WELSH Secretary Peter Hain yesterday called on the National Assembly to consider road tolls to ease congestion along the M4 corridor.
He believes the planned M4 relief road around the south of Newport could be tolled.
His comments came on the same day Britain's first tolled road opened.
The 27-mile section of the M6 around Birmingham will give drivers the chance to beat the jams by paying £2 to get onto the city's relief road.
Mr Hain said tolled roads could offer motorists more choice and suggested the planned M4 relief road, a project he was involved in planning during his time as a Wales Office Minister, had potential for tolling.
He said, "I know that is a desperately difficult bottleneck getting worse and worse every year since I first proposed it and there could be a point when it could well choke economic mobility."
Motorists would have the choice of going through the Brynglas tunnels on the M4 at Newport at 40mph or paying £1 to travel on the relief road, Mr Hain suggested.
Assembly Transport Minister Andrew Davies, in a statement, said, "Although naturally I am interested in his views, this is a devolved matter and the Welsh Assembly Government will consider this and other proposals in the context of our determination to provide an integrated and uncongested transport network for Wales."
The managing director of Britain's first toll motorway said last night he was delighted to see hundreds of vehicles passing along the new road.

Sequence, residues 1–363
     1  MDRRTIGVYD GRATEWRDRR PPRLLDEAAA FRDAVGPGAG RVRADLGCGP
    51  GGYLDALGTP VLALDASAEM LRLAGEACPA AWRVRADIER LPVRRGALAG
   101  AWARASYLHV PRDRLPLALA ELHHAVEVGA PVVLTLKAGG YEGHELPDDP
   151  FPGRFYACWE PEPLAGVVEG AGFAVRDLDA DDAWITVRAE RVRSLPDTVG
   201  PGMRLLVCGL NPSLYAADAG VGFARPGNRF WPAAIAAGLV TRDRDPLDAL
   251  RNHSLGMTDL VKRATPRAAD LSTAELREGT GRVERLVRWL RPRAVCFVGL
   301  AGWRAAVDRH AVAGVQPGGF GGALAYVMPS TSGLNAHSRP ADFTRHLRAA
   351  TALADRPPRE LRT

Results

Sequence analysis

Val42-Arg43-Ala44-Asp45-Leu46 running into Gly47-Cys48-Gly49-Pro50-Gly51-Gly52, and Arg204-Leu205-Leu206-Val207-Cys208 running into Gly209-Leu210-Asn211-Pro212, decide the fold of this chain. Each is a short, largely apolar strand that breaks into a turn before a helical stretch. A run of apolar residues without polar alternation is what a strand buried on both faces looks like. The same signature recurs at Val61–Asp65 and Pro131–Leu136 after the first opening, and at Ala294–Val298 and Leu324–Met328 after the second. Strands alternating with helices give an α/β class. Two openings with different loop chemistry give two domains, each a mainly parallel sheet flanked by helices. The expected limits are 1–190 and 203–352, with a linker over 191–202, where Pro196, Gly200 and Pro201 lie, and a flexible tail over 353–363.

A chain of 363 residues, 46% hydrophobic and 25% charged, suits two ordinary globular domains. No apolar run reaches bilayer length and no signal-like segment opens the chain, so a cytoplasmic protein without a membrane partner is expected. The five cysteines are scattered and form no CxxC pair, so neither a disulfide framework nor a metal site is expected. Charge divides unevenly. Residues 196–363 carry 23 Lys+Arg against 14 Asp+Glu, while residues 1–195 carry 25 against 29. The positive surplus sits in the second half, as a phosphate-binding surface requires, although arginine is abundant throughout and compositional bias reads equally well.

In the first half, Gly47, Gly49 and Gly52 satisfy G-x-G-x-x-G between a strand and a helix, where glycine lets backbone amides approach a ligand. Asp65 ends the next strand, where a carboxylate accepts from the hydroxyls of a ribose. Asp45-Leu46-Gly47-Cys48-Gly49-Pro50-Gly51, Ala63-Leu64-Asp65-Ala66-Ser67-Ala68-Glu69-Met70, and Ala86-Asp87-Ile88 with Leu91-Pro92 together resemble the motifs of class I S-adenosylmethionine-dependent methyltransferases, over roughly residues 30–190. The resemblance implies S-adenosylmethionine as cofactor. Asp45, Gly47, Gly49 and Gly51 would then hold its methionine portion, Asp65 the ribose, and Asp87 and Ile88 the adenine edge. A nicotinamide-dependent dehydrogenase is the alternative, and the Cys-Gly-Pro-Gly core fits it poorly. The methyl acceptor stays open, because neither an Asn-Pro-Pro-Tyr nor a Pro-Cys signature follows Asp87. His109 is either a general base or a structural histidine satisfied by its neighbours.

Tom Fanning, head of M6 Toll operator Midland Expressway, said he was ecstatic at the road's successful opening yesterday morning and confirmed the phased opening would continue as planned.
A police convoy slowly led the first vehicles on to the six-lane road in Staffordshire following an opening ceremony headed by the Transport Secretary Alistair Darling.
Access to the motorway - formally known as the Birmingham Northern Relief Road - was limited to local access points to and from Lichfield, Tamworth, Sutton Coldfield, Brownhills and Cannock.
Over the next five days, access will be widened to motorists travelling along the M6 and M42.
Meanwhile, Mr Hain has launched an attack on Welsh local authorities, accusing them of "letting down" the country by arguing against all-postal ballots next year.
The Electoral Commission this week announced Wales would not be among its recommended pilot areas to trial all-postal ballots in elections to the European Parliament, local authorities and community councils next year.
The decision comes after the Welsh Local Government Association said its members could not cope with the pilot and warned to go ahead with the scheme would create an "unreasonable risk" of fraud.
Mr Hain said, "I am very disappointed, particularly as it went against the strong recommendation of Rhodri Morgan and myself.
"I think they are letting down the political system in Wales and I am very disappointed that returning officers have not been willing to carry out this very bold extension of political rights.
"I think we have been let down by some of the local authorities, not all, and some of the returning officers."
Returning officers, who organise elections and counts, argued that with three ballots taking place on the same day they simply could not cope.
A spokesman for the Welsh Local Government Association said, "We are defending the integrity of the electoral process. We felt there was an unreasonable risk by trialing three pilots at the same time."
The Electoral Commission recommendations suggest the North East and East Midlands as the potential trial areas.
The Commission also says Scotland, Yorkshire and the Humber, the North West and West Midlands could be used for pilots despite not meeting all the criteria but concludes Wales, the South-East, South West and the Eastern regions not ready.
Lord Falconer, Constitutional Affairs Secretary, and Nick Raynsford, the Local Government Minister, will have the final decision on the trials.